Old Hill Rocks
Old Hill Tor
Though more usually known as Old Hill Rocks it is Eric Hemery (p299) that accredits this moderate pile with the status of "miniature tor". Here on the north slopes of Red Brook Ball there are four huge and quite impressive square faced rocks propped against each other that form beneath them small beetling caves, that look out spectacularly to the north and west over the ascending courses of both the Bala and Middle Brooks. Beyond the brooks the huge square topped cairn of Eastern Whitaburrow is seen above the ruin of Uncle Ab's House that according to Hemery was the former stables for horses that were employed on the Zeal Tor Tramroad. The cairn's distinctive appearance is often likened to the turret of a distant submarine. Hemery describes the cairn as one of "Dartmoor's most notable landmarks" and that is most apt as it is visible from many parts of what the author describes as "the Central Basin" of the Avon upland.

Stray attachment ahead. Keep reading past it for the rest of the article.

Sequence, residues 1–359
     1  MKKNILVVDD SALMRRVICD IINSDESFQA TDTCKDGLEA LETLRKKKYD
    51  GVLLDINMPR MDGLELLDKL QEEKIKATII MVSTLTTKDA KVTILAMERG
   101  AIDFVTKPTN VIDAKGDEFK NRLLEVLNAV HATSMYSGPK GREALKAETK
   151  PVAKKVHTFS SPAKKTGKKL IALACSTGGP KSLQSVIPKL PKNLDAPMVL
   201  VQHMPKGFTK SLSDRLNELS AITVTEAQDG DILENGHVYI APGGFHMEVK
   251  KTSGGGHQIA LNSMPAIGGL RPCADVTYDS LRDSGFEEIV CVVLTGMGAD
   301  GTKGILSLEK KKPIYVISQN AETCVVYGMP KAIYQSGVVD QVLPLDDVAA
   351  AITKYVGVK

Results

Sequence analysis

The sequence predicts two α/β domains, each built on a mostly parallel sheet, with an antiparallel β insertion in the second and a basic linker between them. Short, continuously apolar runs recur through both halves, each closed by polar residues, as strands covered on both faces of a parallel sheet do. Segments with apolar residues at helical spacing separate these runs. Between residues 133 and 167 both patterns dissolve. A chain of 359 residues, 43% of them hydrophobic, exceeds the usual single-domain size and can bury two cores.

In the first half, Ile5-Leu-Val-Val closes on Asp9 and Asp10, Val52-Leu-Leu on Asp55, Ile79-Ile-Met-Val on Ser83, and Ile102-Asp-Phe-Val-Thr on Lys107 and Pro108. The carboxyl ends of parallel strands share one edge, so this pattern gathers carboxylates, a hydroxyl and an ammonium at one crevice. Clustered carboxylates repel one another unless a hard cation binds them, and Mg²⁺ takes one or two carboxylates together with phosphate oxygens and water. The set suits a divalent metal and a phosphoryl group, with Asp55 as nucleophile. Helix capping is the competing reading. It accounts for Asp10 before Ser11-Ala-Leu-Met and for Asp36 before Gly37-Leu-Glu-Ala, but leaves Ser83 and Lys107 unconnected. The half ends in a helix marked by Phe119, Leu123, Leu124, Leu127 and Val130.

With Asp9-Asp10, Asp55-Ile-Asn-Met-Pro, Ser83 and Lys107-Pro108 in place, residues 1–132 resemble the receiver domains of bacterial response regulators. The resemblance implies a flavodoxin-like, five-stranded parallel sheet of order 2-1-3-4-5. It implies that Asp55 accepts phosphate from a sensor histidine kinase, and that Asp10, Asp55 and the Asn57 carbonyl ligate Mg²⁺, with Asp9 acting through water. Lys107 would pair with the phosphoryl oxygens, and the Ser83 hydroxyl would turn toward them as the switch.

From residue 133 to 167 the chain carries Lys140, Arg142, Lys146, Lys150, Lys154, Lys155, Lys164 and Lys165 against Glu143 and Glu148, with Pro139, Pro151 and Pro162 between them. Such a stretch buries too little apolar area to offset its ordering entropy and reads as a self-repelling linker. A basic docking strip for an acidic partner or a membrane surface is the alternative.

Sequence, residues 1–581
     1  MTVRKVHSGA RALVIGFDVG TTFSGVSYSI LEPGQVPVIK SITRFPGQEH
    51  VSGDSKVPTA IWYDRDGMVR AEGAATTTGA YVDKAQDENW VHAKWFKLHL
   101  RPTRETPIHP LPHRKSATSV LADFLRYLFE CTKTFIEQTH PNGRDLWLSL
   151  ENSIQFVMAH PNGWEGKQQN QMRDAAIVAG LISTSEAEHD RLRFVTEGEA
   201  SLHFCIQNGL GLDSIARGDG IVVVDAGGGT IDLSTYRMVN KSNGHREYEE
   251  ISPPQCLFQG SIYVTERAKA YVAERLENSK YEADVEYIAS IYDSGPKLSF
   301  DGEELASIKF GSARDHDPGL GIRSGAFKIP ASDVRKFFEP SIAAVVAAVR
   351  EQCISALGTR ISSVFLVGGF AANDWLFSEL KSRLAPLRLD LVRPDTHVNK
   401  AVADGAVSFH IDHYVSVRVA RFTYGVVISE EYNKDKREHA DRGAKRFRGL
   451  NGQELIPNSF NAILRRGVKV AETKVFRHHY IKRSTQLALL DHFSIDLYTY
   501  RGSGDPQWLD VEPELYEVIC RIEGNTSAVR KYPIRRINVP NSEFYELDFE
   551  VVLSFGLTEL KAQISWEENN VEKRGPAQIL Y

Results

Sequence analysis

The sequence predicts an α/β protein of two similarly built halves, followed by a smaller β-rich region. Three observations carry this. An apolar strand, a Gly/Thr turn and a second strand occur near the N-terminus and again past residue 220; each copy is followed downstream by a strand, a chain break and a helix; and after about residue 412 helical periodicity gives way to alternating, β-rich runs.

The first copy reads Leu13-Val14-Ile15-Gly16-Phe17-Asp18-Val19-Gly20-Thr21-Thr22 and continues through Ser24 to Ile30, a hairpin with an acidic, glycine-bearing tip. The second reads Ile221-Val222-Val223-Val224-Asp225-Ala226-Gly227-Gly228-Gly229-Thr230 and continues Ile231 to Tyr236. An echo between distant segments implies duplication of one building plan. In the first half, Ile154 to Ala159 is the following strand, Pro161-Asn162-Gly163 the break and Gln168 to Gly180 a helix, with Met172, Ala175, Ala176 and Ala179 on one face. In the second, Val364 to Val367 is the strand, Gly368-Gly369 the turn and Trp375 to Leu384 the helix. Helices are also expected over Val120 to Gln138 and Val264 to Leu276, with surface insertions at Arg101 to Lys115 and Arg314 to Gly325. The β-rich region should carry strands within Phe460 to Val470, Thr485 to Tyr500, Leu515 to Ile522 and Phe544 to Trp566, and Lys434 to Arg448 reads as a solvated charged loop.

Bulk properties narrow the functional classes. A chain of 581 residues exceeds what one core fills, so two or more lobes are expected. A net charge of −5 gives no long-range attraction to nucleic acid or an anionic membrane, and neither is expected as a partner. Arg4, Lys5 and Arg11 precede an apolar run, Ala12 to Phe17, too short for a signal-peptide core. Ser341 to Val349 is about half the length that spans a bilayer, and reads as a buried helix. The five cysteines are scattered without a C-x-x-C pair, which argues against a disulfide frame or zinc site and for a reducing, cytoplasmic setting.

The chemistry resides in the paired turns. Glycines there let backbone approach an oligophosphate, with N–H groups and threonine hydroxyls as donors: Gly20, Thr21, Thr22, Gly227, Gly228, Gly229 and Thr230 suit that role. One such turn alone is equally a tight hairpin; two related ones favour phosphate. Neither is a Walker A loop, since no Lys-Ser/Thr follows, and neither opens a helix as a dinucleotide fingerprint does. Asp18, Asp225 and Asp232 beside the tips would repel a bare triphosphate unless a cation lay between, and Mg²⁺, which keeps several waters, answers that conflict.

Above the tor remnant there is a giant slab of granite bedrock of some 50 feet in length and below the main rocks a 100 yards or so further large rocks extend and are suggestive of a now completely collapsed portion of this small pile. Despite their interest and appeal Old Hill Rocks remain a relatively overlooked group that is largely neglected in the literature.
Apart from Hemery's seminal account from 1983 and old b/w photos on Tim Jenkinson's Flickr photostream that date to 1996, only Ken Ringwood (2013) seems to have mentioned the site where he writes of "An extremely low and flat granite tor on the hillside between Red Brook and Middle Brook, with clitter to the E. Made up of large blocks, with some rock having apparently been removed." His accompanying photograph of the ruined tor shows the immense slab of bedrock that is referred to above.